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A Green Building

Aquaquest – the Marilyn Blusson Learning Centre was inspired as part of the Aquarium's commitment to education and conservation, and to enhance our economic, cultural and social contributions to the local community. Aquaquest is a healthy, innovative space for learning, which models, informs and challenges our visitors.


Cool As A Killer Whale

Whales and dolphins have a complex network of veins and arteries that act as a natural thermostat to regulate temperature. Inspired by their physiology, we've given our building an embedded system of pipes in the concrete ceilings that carries hot or cold water, heating and cooling each room far more efficiently than conventional heating or air conditioning.

AquaQuest Exterior
AquaQuest Plants

New Uses For Seawater

The Aquarium pumps in seawater from the ocean and distributes water throughout the building to many different areas. We're also cooling our facility with seawater, which can absorb enormous quantities of heat. A "heat exchanger" in the basement cools the building by transferring energy from water in the building's pipes to the incoming seawater.

The Air We Breathe

Our building's ventilation system uses convection to improve air quality: a natural process that makes life on Earth possible. Fresh air enters each room through vents near the floor and eventually exits through vents near the ceiling as it warms and rises. This upward airflow ensures that fresh air constantly replaces stale air, creating a more comfortable and energy-efficient space.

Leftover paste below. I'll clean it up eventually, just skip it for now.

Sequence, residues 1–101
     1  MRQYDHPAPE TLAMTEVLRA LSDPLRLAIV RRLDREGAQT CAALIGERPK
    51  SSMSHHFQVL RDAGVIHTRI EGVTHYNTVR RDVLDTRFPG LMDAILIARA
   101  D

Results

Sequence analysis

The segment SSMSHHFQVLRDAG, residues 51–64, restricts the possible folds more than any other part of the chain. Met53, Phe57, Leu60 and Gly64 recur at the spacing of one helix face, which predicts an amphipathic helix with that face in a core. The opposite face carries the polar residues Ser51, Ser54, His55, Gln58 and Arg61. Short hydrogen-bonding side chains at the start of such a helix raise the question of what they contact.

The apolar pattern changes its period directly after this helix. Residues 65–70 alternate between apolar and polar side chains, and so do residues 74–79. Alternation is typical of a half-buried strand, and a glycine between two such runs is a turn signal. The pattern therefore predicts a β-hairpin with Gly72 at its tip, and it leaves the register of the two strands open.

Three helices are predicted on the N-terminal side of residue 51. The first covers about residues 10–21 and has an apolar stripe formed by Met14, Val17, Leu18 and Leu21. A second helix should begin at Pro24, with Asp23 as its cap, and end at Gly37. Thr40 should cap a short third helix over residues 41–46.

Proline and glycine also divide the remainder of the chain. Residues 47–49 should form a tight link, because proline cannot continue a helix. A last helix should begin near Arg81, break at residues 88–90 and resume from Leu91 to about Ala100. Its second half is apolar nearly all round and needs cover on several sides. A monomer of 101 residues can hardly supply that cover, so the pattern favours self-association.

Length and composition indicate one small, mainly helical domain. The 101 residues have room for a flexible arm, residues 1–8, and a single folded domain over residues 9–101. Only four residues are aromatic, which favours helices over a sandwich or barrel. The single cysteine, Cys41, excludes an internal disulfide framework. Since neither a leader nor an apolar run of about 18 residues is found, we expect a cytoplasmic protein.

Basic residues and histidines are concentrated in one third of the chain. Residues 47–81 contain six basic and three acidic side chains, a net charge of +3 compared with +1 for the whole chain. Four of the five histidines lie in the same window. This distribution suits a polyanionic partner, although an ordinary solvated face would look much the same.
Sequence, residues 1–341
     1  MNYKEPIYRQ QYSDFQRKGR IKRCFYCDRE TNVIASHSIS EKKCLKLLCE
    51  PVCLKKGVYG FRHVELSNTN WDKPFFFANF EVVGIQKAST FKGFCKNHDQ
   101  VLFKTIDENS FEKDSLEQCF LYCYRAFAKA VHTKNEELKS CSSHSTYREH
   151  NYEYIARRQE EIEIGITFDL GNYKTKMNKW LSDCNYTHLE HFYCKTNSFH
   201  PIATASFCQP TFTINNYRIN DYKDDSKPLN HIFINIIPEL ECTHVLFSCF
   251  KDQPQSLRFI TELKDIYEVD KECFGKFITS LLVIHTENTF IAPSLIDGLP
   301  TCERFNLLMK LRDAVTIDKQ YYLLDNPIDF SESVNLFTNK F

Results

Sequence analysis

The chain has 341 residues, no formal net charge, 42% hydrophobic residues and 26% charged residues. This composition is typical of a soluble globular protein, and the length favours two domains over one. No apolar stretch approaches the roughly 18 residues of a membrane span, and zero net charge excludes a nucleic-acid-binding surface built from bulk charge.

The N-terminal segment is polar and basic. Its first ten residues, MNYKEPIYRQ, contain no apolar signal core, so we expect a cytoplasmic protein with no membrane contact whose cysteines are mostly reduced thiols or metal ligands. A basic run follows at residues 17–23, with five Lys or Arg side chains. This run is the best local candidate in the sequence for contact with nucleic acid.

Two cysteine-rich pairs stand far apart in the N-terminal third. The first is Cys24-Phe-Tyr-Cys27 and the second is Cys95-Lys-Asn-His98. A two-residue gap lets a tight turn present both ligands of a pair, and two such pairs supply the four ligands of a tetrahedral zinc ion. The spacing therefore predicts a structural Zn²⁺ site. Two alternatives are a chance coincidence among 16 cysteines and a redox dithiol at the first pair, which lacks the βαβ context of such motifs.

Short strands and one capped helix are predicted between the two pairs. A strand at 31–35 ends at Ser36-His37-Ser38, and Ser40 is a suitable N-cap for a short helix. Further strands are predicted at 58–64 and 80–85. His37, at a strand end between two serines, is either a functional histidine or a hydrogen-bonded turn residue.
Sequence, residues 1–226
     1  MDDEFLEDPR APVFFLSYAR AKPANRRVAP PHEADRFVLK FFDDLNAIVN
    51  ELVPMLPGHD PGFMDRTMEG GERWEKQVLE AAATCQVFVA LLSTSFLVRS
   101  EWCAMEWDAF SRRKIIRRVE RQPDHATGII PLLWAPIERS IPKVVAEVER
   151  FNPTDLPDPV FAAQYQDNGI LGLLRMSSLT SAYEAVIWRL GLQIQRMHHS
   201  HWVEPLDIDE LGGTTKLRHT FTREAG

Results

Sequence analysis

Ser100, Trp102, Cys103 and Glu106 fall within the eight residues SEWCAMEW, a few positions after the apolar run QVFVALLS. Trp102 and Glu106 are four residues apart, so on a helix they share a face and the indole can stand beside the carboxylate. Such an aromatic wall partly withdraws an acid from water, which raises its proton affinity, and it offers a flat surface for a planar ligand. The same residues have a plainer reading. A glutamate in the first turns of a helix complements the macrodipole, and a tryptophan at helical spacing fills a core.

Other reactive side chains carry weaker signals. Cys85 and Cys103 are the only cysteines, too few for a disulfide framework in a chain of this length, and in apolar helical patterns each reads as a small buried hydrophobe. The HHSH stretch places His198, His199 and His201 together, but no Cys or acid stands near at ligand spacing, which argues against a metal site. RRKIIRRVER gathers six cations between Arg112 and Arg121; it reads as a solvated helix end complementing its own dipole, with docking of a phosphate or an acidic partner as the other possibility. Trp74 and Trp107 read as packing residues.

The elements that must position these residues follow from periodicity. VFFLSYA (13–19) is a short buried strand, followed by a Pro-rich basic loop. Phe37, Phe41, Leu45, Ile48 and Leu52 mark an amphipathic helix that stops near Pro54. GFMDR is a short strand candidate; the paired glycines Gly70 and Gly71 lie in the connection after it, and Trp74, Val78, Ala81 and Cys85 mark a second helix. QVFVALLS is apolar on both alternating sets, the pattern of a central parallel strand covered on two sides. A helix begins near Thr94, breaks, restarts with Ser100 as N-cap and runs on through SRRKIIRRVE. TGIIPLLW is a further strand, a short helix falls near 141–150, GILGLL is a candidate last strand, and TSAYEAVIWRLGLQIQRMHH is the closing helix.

Biodiesel Truck

Reducing Waste

When we demolished an existing building to make way for Aquaquest, we salvaged over 75 percent of that building's materials. We used reusable steel "forming pans" instead of disposable plywood frames. We used less cement to make our concrete and replaced it with fly ash, an industry waste product that would have ended up in the landfill.

Conserving Freshwater

Our new building conserves valuable freshwater with efficient plumbing fixtures such as low-flow faucets and toilets. These water-saving devices minimize our use of the city's drinking water supply. We also collect rainwater and store it in a tank in our basement, which allows us to flush with rainwater and use leftover rainwater to water plants around the Aquarium.

Rain Water

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Did You Know?

Did You Know?

97 percent of all animals on Earth are invertebrates. 
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